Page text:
Sachin Tendulkar's relationship with the M.A. Chidambaram Stadium and the crowd is a symbiotic one. The master batsman struggled to find his timing in the Test series, but given his ability he can change it all so quickly, more so at Chepauk.

Chris Cairns' seam bowling might be on the decline following knee operations, but he remains an inspirational cricketer who is one of the cleanest and biggest strikers of the ball. If Tendulkar and Cairns sizzle, sparks are bound to fly.

V.V.S. Laxman is running hot, so is Craig McMillan. Among the others, the high-octane players like Virender Sehwag, Yuvraj Singh and the tigerish Mohammed Kaif are all vital to India's chances. Lou Vincent, Scott Styris and Chris Harris symbolise the Kiwi efficiency.

The Kiwis have injury worries and the quickest bowler in their ranks, Ian Butler, will sit out of the first game due to a side strain. The big all-rounder Jacob Oram has recovered from his injury though. In the absence of the free-stroking Nathan Astle, a match-winner in the Kiwi line-up, the visitors' batting might be stretched. Also missing from the squad is the bustling pace bowling all-rounder Andre Adams.

New Zealand looks thin on the spin bowling front with left-armer Daniel Vettori being the lone specialist. Harris' assorted spin will provide the back-up. Though the Indian spin department looks better with Anil Kumble, Harbhajan Singh and left-armer Murali Kartik, the fact that the spinners were handled comfortably in the Test series is not good news for the home fans.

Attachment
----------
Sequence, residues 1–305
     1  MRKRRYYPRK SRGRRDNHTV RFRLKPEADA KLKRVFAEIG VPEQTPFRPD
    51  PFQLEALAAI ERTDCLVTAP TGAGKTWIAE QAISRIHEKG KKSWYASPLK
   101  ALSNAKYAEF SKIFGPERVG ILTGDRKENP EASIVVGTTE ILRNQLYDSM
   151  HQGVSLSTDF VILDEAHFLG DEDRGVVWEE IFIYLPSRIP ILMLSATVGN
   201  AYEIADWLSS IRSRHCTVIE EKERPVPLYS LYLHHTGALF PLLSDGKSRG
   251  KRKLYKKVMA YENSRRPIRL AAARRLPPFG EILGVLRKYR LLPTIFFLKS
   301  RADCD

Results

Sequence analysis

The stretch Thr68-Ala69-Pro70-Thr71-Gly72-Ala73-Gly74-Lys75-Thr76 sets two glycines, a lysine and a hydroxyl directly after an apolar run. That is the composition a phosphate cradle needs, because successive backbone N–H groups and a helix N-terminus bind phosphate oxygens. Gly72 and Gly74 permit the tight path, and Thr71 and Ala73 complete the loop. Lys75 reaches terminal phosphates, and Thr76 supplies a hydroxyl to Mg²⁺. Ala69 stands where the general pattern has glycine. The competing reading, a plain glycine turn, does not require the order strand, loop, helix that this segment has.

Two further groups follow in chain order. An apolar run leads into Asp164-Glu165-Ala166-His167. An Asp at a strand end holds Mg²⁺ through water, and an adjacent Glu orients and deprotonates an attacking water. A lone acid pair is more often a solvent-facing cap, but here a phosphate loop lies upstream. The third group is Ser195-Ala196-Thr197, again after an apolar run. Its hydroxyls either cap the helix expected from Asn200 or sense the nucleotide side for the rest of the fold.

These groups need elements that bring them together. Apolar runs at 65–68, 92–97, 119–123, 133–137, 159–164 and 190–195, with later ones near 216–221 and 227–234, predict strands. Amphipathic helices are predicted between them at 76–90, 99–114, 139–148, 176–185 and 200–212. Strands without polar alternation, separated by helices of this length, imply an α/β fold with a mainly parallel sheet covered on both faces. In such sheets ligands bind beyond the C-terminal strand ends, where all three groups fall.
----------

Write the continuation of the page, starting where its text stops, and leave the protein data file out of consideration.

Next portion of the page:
Paceman Avishkar Salvi failed a fitness test for a split webbing and local boy L. Balaji has replaced him in the squad. The Kiwis have left out Butler, Chris Nevin and Kyle Mills from the eleven.

The teams:

India (from): Rahul Dravid (capt.), Sachin Tendulkar, Virender Sehwag, V.V.S. Laxman, Yuvraj Singh, Mohammed Kaif, Parthiv Patel, Ajit Agarkar, Harbhajan Singh, Anil Kumble, Zaheer Khan, Murali Kartik, Hemang Badani and L. Balaji.

New Zealand: Stephen Fleming (capt.), Lou Vincent, Scott Styris, Craig McMillan, Chris Cairns, Chris Harris, Brenden McCullum, Jacob Oram, Daryl Tuffey, Daniel Vettori and Paul Hitchcock.

Umpires: D.R. Shepherd and A.V. Jayaprakash; Third umpire: I.V. Shivaram; Reserve umpire: Francis Gomes; Match referee: Ranjan Madugalle.

Hours of play: 2.30 p.m. to 6 p.m., 6.45 p.m. till end of play.

Live on AIR

The triangular series, featuring India, New Zealand and Australia, can be heard live on All India Radio.

The schedule: Oct. 23: India vs New Zealand at Chennai (2.10 p.m. to 10.30 p.m.); Oct. 26: Ind vs Australia at Gwalior (2.15 p.m. to 10.30 p.m.); Oct. 29: Aus vs NZ at Faridabad (8.45 a.m. to 5.00 p.m.); Nov. 1: Ind vs Aus at Mumbai (2.15 p.m. to 10.30 p.m.); Nov. 3: Aus vs NZ at Pune (8.45 a.m. to 5.00 p.m.); Nov. 6: Ind vs NZ at Cuttack (2.15 p.m. to 10.30 p.m.); Nov. 9: Aus vs NZ at Guwahati (8.15 a.m. to 5.00 p.m.); Nov. 12: Ind vs Aus at Bangalore (2.15 p.m. to 10.30 p.m.); Nov. 15: Ind vs NZ at Hyderabad (2.15 p.m. to 10.30 p.m.); Nov. 18: Final at Kolkata (2.15 p.m. to 10.30 p.m.).